Government ‘No Visa’ campaign draws fire for being politically motivated

boat asylum adThe Federal Government’s new ‘No Visa’ campaign is drawing from criticism from media buyers, politicians and political activists alike, who say the Government has launched a politically motivated campaign funded by taxpayers ahead of the upcoming federal election.

The first two days of the national campaign which so far features print and radio advertisements, apparently declaring to asylum seekers arriving without a visa by boat: “You won’t be settled in Australia”, is estimated by media buyers to have cost taxpayers up to $400,000. However the media schedule for the campaign appears to be targeting middle Australia rather than asylum seekers.

“The average government campaign is four weeks and will extend over print and digital,” said a senior media buyer. “For just a weekend campaign across the five News Corp metro newspapers you’re looking at at least $200,000, the ads in Fairfax will be another $120,000. So at least $320,000 in just two days.”

“Once you go regional and radio it becomes a lot more murky but the general rule is you add 25-30 per cent on top of what you spent on metros, so at least another $100,000.”

The Daily Telegraph today reports the ‘No Visa’ campaign is part of a wider advertising blitz that could see the government spend as much as $65m in the coming three months. When approached for comment the Department of Immigration today confirmed the campaign is currently being run in print and radio but would also be run digitally and on television in the coming weeks.

Independent Senator Nick Xenophon told Mumbrella he would be making a formal complaint to the Auditor-General about the ‘No Visa’ campaign arguing it is “blatantly political advertising”.

“I’m making a formal complaint to the Auditor-General about the ads because they’re a cheap way for the ALP do its blatantly political advertising at taxpayers’ expense. I mean really—how many people-smugglers in the outer suburbs of Jakarta subscribe to the Adelaide Advertiser?,” said Senator Xenophon.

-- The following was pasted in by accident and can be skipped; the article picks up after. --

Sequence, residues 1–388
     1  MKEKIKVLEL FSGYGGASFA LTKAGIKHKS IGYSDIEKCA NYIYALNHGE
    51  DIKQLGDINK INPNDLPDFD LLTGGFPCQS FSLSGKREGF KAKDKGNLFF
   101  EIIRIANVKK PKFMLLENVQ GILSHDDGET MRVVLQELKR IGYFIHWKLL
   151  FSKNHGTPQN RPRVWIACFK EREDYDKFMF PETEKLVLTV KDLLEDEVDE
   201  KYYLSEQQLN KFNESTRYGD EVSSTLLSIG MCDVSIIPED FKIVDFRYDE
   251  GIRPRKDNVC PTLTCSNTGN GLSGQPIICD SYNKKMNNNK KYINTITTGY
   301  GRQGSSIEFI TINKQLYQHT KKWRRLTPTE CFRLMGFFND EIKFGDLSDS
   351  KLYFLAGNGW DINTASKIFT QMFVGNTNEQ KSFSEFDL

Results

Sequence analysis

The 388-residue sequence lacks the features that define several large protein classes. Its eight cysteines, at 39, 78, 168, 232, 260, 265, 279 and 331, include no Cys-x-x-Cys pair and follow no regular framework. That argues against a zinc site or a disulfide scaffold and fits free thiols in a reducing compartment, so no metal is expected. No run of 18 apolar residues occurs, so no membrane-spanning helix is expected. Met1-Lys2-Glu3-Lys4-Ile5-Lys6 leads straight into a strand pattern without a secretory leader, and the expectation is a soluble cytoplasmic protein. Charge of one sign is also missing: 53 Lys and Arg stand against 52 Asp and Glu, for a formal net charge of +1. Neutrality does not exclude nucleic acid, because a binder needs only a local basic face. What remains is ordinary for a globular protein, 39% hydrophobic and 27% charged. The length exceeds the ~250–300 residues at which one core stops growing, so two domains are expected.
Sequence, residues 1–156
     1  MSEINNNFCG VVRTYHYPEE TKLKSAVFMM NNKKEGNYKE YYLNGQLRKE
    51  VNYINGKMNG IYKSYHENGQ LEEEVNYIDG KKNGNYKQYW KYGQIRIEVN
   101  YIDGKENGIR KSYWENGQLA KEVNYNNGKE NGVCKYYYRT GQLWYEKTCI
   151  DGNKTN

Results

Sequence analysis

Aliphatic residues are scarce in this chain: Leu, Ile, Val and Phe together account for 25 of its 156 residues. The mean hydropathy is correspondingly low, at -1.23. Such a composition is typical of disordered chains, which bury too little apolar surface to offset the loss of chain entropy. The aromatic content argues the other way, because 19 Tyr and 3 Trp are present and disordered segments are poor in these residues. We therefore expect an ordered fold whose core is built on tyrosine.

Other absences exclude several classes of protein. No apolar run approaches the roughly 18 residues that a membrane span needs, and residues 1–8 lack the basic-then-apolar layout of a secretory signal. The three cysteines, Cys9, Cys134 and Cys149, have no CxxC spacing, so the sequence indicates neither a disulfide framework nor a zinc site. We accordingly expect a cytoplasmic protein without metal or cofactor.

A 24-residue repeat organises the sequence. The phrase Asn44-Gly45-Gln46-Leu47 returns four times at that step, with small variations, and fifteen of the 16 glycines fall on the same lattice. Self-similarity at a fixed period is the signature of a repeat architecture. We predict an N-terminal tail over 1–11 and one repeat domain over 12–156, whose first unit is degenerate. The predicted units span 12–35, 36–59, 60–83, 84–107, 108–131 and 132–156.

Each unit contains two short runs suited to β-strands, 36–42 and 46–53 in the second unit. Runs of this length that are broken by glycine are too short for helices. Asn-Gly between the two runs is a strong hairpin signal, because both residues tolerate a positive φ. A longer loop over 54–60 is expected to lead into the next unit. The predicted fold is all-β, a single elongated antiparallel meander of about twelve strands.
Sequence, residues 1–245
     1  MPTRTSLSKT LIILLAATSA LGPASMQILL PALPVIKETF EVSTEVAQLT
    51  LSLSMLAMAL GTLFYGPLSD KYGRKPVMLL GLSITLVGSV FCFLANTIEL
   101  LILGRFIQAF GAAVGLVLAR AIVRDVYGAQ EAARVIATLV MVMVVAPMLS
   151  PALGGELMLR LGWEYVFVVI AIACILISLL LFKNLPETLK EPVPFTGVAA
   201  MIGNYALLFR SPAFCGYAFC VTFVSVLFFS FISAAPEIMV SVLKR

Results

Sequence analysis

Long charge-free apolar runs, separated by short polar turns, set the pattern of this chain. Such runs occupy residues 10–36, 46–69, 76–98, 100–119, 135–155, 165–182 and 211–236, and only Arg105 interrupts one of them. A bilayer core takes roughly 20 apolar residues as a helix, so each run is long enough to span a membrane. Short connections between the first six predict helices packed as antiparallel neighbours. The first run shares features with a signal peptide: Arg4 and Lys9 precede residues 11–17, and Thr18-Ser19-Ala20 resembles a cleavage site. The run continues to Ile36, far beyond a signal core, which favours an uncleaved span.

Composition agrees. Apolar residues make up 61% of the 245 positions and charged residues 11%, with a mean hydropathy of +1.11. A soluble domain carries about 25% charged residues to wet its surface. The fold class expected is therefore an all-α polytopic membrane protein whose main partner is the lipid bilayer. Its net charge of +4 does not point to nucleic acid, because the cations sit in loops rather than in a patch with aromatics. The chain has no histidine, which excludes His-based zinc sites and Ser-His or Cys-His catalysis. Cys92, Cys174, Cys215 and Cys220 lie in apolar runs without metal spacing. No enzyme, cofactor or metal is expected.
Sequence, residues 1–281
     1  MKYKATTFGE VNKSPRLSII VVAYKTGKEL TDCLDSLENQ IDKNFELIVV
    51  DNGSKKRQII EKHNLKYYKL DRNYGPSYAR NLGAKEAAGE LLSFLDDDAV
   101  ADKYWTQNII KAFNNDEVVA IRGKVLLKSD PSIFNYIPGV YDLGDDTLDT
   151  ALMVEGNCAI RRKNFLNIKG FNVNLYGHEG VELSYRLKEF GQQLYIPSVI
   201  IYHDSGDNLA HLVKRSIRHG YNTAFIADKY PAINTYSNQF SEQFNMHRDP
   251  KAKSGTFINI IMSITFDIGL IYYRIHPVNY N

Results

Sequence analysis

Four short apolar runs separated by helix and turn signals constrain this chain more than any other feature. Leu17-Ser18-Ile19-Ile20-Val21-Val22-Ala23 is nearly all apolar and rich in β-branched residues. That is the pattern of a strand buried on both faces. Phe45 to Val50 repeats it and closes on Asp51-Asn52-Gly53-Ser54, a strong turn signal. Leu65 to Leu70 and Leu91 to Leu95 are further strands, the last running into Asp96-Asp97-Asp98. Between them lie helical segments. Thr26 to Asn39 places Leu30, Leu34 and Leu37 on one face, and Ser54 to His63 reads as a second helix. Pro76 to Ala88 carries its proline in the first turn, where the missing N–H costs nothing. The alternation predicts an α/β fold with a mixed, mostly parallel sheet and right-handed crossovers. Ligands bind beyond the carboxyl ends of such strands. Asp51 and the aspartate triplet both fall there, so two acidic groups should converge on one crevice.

Over the weekend Treasurer Chris Bowen defended the campaign on the grounds it was important to advertise the new policy, of sending asylum seekers to Papua New Guinea, domestically, because recent migrants from countries including Iran, Sri Lanka and Afghanistan would communicate it back to their home countries. “And tell them, look the policy has changed in Australia, the law’s changed, please don’t come by boat because you’ll get resettled to Papua New Guinea,” Bowen told Sky News.

Jana Favero, director of the Asylum Seeker Resource Centre, rejected the Government’s strategy. “I’m sceptical in terms of who they are trying to reach, they got the campaign up very quickly, and it was shown that it didn’t go through their normal channels for approval,” said Favero.

“I have only seen the ads in English so if they’re aim is to get messages back to people in home or transit countries, as they have with previous campaigns, then by putting ads in The Daily Telegraph or on shock jock radio they are probably not reaching the audience they are trying to reach.”

Senior media buyers also cast doubt on the strategy. One buyer who declined to be named told Mumbrella: “I’m not sure I understand the strategy behind this campaign, if you wanted to reach the target audience why not go spend the money in The Times of India, the largest english language circulation newspaper in the world?”

A spokeswoman for Australia’s Customs Service, which has responsibility for overseas advertising, said an advertising campaign had begun but at this stage the media component was confined to social media and the “wide-spread distribution of media materials via Australian Embassies and High Commissions, who have distributed material focussed on delivering messaging on migration policy in key source and transit regions for people smuggling activities. These areas include South-East Asia and the Middle East.”

Senator Xenophon said the creative involved in the campaign clearly showed the political strategy behind the advertising.  “For Chris Bowen to say these ads are written for recent arrivals to communicate back to their families is ridiculous: the ads don’t say ‘tell your families’ they say ‘you won’t be settled in Australia’,” said Xenophon.

Update: Immigration spokesman Sandi Logan this afternoon confirmed the first week of the Government campaign would cost a total of $2.1m.

“The minister has approved $2.1m in the first week and has not resiled from approving further spending in the following weeks,” said Logan.

“The campaign was only certified on the 19 July and went live on July 20, the research from a previous campaign informed the direction we have gone with this campaign so that it not just ethnic media.”

Nic Christensen 


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